A consulate is a body of public officers maintained by a government in foreign countries to protect the persons and interests of its nationals and to aid them in every possible way.

    Consuls are officially recognized by a foreign state through the issuance of an authorization known as an exequatur, which may be revoked by the admitting state at any time.

    SOURCE: Columbia Encyclopedia

    I'm absolutely speechless.
    RIP Butterbean! We miss you and hope you are well in heaven.-- Your ALIPAC friends

    Support our FIGHT AGAINST illegal immigration & Amnesty by joining our E-mail Alerts at http://eepurl.com/cktGTn

  3. #3
    gp
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    WELCOME TO MY WORLD.....OUT HERE IN CALIFORNIA SOMEONE GOT A L.A. CITY COUNCIL MEMBER A CARD WITH HIS NAME AND PICTURE ON IT, BOY WAS HE MAD.....AND GUESS WHAT HAPPENED NEXT......THE CITY COUNCIL VOTED .....TO.....STILL....ACCEPT .......THE....... CARD .CAN YOU UNDERSTAND JUST HOW SCARRY THIS IS, WITH MUSILUMS COMMING ACROSS OUR BORDERS NOW SPEAKING SPANISH BETTER THAN ENGLISH.......IT'S ONLY A MATTER OF TIME.........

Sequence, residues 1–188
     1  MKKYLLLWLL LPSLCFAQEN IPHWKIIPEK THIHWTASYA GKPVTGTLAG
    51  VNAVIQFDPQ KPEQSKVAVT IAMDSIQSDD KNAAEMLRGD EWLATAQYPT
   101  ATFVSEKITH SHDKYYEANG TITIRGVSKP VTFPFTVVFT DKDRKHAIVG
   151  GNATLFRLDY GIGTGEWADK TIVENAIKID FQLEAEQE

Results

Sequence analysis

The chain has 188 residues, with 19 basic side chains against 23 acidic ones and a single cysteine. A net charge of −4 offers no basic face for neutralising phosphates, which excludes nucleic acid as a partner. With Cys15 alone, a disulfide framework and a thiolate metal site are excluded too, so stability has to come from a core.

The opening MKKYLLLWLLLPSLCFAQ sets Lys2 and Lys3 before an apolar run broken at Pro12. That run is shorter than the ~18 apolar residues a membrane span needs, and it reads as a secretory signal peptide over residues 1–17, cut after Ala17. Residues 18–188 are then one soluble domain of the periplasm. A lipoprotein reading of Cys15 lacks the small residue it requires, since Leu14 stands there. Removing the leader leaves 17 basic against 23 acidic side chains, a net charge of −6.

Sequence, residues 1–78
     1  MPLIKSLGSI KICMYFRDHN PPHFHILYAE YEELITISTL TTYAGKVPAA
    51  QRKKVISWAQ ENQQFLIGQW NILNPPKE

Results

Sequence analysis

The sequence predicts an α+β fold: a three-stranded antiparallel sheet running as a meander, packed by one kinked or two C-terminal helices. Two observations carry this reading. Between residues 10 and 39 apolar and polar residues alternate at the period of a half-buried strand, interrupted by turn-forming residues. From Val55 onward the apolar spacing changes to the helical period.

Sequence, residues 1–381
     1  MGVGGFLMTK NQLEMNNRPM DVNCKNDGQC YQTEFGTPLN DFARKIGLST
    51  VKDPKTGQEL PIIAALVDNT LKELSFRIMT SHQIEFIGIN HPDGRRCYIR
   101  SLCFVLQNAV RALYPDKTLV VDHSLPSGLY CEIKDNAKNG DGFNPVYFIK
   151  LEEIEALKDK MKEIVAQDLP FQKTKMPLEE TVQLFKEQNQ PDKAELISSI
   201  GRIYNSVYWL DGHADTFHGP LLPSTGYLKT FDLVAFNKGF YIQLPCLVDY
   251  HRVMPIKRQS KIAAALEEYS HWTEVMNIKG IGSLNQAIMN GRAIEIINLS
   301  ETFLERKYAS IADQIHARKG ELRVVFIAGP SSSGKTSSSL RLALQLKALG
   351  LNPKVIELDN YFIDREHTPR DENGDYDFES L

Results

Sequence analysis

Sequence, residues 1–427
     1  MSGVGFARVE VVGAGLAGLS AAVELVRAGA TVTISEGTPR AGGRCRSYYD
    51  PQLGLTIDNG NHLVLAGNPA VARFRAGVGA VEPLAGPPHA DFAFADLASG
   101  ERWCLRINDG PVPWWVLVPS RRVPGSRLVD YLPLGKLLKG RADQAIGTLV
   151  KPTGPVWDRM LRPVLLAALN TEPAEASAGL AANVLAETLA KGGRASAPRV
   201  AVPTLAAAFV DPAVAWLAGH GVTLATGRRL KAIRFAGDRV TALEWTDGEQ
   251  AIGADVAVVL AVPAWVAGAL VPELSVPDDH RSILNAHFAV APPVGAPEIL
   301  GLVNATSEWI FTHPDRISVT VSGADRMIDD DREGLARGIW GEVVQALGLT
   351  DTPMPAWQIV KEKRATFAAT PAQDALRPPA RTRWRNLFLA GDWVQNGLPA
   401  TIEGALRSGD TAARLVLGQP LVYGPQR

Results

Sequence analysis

4. #4
    gp
    gp is offline
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    WELCOME TO MY WORLD.....OUT HERE IN CALIFORNIA SOMEONE GOT A L.A. CITY COUNCIL MEMBER A CARD WITH HIS NAME AND PICTURE ON IT, BOY WAS HE MAD.....AND GUESS WHAT HAPPENED NEXT......THE CITY COUNCIL VOTED .....TO.....STILL....ACCEPT .......THE....... CARD .CAN YOU UNDERSTAND JUST HOW SCARRY THIS IS, WITH MUSILUMS COMMING ACROSS OUR BORDERS NOW SPEAKING SPANISH BETTER THAN ENGLISH.......IT'S ONLY A MATTER OF TIME.........